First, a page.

Friday, March 28, 2014

SPORTS STORY >> CJHN student racing for cure on dirt track

Leader sportswriter

After a successful rookie campaign, Cabot Junior High North freshman and stock-car driver Rebekah Harris will be competing in her first full season at the Plumerville Super Speedway in Plumerville this year, and at the end of the season, she’ll donate half of her season’s winnings to a great cause.

Harris, a 14-year-old Ward native, will be the lone female competitor in her age group at the track this season, and half of her winnings will go to the Breast Cancer Foundation of America once the season ends in October.

Harris won the Rookie of the Year award and finished seventh in the overall points standings last year at Plumerville, and even though she’s set her goals even higher for this year, she wanted to do something more, and that’s what led to her decision to donate to a greater cause.

“I have friends and a lot of people I know that have had breast cancer,” said Harris. “My mom actually came up with the idea. I’ve always been somebody that likes to give back to other people, and when she mentioned the breast cancer idea, I thought it was a good idea.”

On the back of Harris’ customized No. 99 Chevrolet Monte Carlo it reads ‘Racing For The Cure… All Through The Year!’ Harris is carrying on her family tradition of racing at the dirt tracks, something she got into by watching her father, Jerry Harris, do competitively at the I-30 Speedway in Little Rock.

“I watched him race every Friday and Saturday night,” Harris said of her father. “I learned how to drive a car and one day I asked him if I could race, and he bought me a car. It wasn’t ready to race or anything. So he asked one of his friends if I could drive one of their cars in the Powder Puff. So I started racing in Powder Puff and I didn’t stop because this is what I want to do.”

Harris first began racing in motocross with her brother, but she got hooked on stock-car racing when she began competing in the Powder Puff (all girls) division at the I-30 Speedway. She was 13 when she started.

Harris finished fifth in the overall points standings that season, and after that, she got her first car. The next season, Harris began racing in the Super Stock division at I-30 Speedway, but about halfway through the year, she decided to start racing at Plumerville Super Speedway.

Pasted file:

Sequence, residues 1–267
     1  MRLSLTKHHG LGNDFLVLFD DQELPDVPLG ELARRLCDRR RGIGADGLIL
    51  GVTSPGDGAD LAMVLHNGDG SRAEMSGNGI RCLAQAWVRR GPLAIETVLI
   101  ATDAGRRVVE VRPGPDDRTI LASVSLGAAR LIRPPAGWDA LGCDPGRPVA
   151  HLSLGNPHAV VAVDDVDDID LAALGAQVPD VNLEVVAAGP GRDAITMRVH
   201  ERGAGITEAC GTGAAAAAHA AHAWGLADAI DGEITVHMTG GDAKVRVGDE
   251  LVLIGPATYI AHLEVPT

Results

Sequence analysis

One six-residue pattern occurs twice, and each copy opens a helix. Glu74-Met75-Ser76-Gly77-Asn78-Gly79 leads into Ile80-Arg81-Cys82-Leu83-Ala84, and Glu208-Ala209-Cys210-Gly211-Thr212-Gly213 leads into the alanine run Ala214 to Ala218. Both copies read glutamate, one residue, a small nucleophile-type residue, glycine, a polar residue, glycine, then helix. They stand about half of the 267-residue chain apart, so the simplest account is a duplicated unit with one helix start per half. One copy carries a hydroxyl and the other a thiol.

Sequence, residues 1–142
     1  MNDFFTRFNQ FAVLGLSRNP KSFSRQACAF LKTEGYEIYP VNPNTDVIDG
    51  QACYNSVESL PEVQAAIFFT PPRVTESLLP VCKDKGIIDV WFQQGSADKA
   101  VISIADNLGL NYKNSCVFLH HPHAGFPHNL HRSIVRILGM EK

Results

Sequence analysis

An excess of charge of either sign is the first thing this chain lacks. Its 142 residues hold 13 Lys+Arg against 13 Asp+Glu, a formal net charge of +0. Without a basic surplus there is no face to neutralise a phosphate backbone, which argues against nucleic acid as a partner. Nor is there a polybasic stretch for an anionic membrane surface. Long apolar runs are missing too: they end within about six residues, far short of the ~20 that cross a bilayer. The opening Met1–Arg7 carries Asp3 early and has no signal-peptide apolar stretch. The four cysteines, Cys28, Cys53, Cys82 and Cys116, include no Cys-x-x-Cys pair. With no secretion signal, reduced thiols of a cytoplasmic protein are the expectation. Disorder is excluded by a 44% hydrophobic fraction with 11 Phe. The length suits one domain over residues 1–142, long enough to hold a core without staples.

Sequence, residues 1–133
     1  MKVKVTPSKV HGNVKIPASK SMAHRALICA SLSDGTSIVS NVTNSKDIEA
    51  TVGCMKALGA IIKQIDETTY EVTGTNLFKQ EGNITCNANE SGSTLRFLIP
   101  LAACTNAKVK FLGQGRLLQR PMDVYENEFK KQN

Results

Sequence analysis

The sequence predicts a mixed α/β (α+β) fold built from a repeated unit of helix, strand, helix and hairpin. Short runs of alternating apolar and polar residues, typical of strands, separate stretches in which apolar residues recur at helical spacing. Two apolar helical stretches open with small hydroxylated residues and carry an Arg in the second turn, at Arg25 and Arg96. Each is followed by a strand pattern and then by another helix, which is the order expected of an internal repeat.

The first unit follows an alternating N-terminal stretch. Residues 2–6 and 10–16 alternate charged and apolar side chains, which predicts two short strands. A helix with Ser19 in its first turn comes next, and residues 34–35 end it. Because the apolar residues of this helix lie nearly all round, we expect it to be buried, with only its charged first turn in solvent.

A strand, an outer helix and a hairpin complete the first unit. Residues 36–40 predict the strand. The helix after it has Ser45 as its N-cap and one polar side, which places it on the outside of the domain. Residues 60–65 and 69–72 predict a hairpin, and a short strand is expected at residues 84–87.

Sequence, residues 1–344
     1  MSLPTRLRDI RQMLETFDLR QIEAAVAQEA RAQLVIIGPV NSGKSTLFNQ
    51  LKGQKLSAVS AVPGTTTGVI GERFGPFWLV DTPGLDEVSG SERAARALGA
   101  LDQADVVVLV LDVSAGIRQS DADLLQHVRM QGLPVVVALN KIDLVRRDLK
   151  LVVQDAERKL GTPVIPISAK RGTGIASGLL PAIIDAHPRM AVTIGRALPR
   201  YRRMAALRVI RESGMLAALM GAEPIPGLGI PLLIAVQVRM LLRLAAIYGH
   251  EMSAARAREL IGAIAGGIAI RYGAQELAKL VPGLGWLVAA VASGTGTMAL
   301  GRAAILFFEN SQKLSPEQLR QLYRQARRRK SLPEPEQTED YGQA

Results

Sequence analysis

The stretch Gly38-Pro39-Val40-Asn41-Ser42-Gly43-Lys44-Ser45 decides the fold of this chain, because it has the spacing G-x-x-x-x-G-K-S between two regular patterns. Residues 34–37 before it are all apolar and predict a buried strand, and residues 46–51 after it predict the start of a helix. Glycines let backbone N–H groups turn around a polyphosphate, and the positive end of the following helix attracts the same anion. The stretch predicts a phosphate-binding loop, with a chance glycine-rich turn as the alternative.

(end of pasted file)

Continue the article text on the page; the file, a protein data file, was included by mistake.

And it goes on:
Part of the reason Harris said she decided to start racing at Plumerville was because she wanted more of a challenge than what was offered in the Powder Puff division at I-30 Speedway. But that step up in competition has also come with a bit of adversity.

Since Harris is the lone female racer in her division that regularly consists of around 20 participants, she admits that some of her competition has felt threatened by the fact that they’re competing against a girl.

“A lot of people think it’s a good thing and are like ‘that’s cool that you do this,’” Harris said. “Some of the guys don’t like it, but it’s whatever. It’s definitely a challenge having to deal with some of the guys and what they say, but I try not to let it bother me. At first it did, but this is something I like to do and it really doesn’t matter what people think.”

Harris said it can be tricky juggling her top hobby with school, but regardless of how busy she can be, she still finds the time to compete and be at the track every Saturday of racing season, which takes place from March through October.

Even though Harris has had some success in her short time racing, she did have a scare at the end of her rookie season. In her last race of the season, she got tangled with another car and ended up rolling her car on its side.

Some family members wondered if the accident would cause her to step back from competition, but Harris said that even though the accident was a bit of a scare, it wasn’t enough to turn her away from the sport that she loves.

“After I had my wreck, I was kind of scared to get back in the car,” Harris said. “But they (family) told me ‘if you don’t do it now, you’re never going to want to do it again because you’re going to be scared of it.’

“Well, we had gone to a race at a different track for a bigger race the next week, and I was like, I have to do this because I love this and if I don’t do it now I’m not going to want to do it ever again.

“I knew that for a 14-year-old that didn’t have very much experience, I was pretty good. I didn’t want to give up my career in it, so I kept going.”

As for this season, Harris said her biggest goal is to finish in the top three in the overall points standings by season’s end, and that she looks forward to the challenge.

“Last year was more of a learning year,” she said, “and this year I want to be able to get up there. I’ve won a race in Powder Puff, but I’ve never won one with the boys. So that’s one of my goals, and being in the top three in points and making every single race.”

Harris will race all season at the Plumerville Super Speedway and the first official race of the year took place last Saturday.